Overseeing a maintenance and operations department for any large organization brings challenges that can easily be overwhelming, given size and scope of the facilities in question. Just ask Samir Patel, director of operations and maintenance with the University of Texas MD Anderson Cancer Center
“We have more than 15 million square feet,” he says, adding that “building ages range from new buildings to those that are more than 50 years old.”
For Patel, the challenges go much further, however. His facilities have to help support the mission of one of the world’s leading centers for cancer patient care, research, education and prevention, and they must provide a healthy environment for patients facing daunting health issues.
So when the realization came in 2015 that the organization needed to change its maintenance mindset from reactive to proactive to better support the organization’s goals, the undertaking was certain to be immense.
MD Anderson consists of about 140 facilities on its main Houston campus and throughout the city. Patel and his department oversee outpatient facilities, research laboratories, and a data center.
“My department is over approximately 18 facilities,” he says. “That makes up about 2.5 million square feet. Some are located on the main campus, and others are outside of the main campus. We’re broken up into five different campuses.” The organization’s overall operations and maintenance (O&M) group has more than 200 employees.
“Just my department is about 110 (employees), including housekeeping, maintenance, and administrative employees and contracted workers,” he says. The situation that faced Patel and his department in 2015 is no doubt familiar to many managers working daily to ensure facilities operate safely and reliably while making the most of resources that too often do not cover the growing needs of aging facilities and infrastructures.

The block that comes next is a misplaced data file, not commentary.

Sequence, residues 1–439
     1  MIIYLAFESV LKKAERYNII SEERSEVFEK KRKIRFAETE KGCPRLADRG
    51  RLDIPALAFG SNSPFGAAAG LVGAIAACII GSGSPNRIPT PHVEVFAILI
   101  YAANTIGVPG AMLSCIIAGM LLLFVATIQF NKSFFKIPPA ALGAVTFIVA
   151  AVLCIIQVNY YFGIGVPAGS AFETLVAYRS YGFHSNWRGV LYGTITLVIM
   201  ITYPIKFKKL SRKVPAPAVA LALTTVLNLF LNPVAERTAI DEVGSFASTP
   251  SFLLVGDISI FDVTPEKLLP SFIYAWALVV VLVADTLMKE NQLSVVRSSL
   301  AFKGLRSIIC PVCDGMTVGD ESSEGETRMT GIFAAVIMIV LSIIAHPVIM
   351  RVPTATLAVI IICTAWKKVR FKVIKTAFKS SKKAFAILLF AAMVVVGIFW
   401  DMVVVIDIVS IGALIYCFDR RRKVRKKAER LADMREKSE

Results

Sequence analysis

“There was no crisis other than our ability to align with the institution’s objectives,” he says. “That became obvious when we weren’t efficiently using our financial resources. Often, we would react to an equipment failure, although it wasn’t catastrophic. Those failures render space unusable for a time, and we realized that we really needed to take a more proactive approach and have a multi-year plan versus going year to year.”
The response was to develop a facility renewal program (FRP) that addressed facilities and infrastructure needs in all MD Anderson facilities. The program launched in 2016.
“We wanted to maintain our aging infrastructure and provide a better environment for our patients, staff and visitors,” Patel says. “We just were not able to do that with the programs we had in place because they really didn’t allow us to prioritize our infrastructure and aesthetics needs.”
Another goal of the FRP was to help the department and the organization change the way they thought of, planned and performed maintenance tasks.
“We wanted something that would not only allow us to prioritize our needs but be more proactive and less reactive in addressing issues,” he says. “When you’re in a reactive mindset or culture, the effective utilization of your resources is not there. We wanted to increase the effectiveness of our human and financial resources. A proactive approach really allowed us to align those resources to the institution’s objectives versus focusing on putting out the next fire.”
Culture Change: MD Anderson Embraces Proactive Maintenance
Effectively Implementing a Facility Renewal Program
Benefits and Impacts of a Facility Renewal Program